Disney+ Shows Undergo Shakeups as Streaming Platform Struggles to Refine Its Tone


In the most recent presentation for Disney+, the upcoming platform mainly showcased its lineup of Marvel and Star Wars shows, all of which are expected to be available from launch or within the platform's first year. The company also announced two Disney Channel-style shows: High School Musical: The Musical: The Series and Sulphur Springs. However, both Disney Channel style shows seem to be struggling behind the scenes and have undergone production shake-ups, according to Deadline.

Sulphur Springs is a Stranger Things-esque show aimed at a younger crowd. Initially set to launch on Disney+, the show struggled to find a cast and was later picked up by Disney Channel. According to Deadline's source, two roles have been filled so far.

High School Musical: The Musical: The Series was originally set to have seasoned showrunner Oliver Goldstick onboard, but that seems to have changed. Goldstick had been expected to bring the style of his previous TV dramas—Pretty Little Liars, Life Sentence and Ugly Betty—to the Disney+ property. The series' pilot was written by Tim Federle, who had a more family-friendly vision for series, causing the two to clash. Their clash eventually prompted Goldstick to exit the show. Disney is currently working to lower the show's age rating to its standards, bringing it closer to Federle's vision.

The show is still expected to debut with Disney+ in November. They're currently filming the series' fifth episode of a planned 10-episode season.

High School Musical: The Musical: The Series follows a group of students at East High, where the original movie was filmed, preparing to put on a production of High School Musical. Along the way, they realize how much drama occurs off-stage.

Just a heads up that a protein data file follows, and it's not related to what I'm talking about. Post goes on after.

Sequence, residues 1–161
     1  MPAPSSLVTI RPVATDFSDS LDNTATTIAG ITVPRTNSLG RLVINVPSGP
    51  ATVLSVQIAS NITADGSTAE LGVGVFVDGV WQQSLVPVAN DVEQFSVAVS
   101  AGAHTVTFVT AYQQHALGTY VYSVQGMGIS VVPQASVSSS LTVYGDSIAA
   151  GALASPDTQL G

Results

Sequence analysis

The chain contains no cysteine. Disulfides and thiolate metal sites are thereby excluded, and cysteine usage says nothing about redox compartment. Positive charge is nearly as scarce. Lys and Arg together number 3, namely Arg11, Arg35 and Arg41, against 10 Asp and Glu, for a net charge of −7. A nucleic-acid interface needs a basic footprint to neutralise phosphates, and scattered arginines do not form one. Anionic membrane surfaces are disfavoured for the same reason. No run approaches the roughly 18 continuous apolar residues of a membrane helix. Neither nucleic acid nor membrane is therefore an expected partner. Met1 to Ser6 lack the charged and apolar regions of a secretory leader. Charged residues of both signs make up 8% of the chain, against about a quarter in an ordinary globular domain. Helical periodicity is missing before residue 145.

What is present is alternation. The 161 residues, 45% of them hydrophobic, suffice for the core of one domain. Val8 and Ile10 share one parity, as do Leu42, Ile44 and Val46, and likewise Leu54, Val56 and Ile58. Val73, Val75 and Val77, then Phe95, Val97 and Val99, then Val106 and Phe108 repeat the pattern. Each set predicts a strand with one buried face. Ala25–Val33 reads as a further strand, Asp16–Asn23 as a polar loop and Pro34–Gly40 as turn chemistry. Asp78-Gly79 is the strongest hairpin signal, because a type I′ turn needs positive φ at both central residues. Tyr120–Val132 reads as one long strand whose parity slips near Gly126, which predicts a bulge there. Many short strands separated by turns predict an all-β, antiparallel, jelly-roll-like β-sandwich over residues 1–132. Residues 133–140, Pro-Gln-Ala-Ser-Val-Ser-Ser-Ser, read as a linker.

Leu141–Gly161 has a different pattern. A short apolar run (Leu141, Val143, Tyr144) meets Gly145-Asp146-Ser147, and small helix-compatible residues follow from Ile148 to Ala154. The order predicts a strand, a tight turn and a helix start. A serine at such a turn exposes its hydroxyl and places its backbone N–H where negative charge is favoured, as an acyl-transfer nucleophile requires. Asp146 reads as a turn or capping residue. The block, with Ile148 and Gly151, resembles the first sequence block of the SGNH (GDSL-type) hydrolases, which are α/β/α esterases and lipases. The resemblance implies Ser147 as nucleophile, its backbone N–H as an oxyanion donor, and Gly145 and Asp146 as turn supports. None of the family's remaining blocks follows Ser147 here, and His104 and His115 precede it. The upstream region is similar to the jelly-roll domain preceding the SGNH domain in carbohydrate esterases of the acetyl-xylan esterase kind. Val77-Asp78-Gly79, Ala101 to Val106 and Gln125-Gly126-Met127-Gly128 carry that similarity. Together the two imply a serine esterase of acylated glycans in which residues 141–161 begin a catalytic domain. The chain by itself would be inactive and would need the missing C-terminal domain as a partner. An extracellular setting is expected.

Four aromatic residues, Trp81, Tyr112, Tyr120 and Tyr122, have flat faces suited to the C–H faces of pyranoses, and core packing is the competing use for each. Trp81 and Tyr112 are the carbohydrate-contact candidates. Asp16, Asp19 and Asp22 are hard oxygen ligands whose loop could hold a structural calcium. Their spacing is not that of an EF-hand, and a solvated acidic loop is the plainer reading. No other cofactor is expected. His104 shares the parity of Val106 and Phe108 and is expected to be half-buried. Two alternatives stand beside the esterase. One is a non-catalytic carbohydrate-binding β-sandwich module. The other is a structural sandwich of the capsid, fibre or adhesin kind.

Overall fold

Over the years, Disney has made multiple attempts to continue the High School Musical franchise. The first attempt occurred in 2011 when they gave Ashley Tisdale's character her own film, Sharpay's Fabulous Adventure. Since then, rumors of a fourth film or follow-up series have intermittently popped up. Disney Channel President and CEO Gary Marsh even acknowledged the difficulty last month.

"I spent ten years trying to develop a new take on High School Musical that was worthy of remaking this classic, something that new fans and our original fans can appreciate and watch together," he said. "It turns out it is harder than it seems to get that community together but we finally cracked it with The High School Musical; The Musical: The Series… It has a comic tone and texture that is simultaneously familiar to fans and yet quite a departure probably from what those fans are expecting."

In addition to their original content, Disney+ will feature 5,000 episodes of Disney Channel and Disney Jr. shows and 100 Disney Channel Original Movies at launch.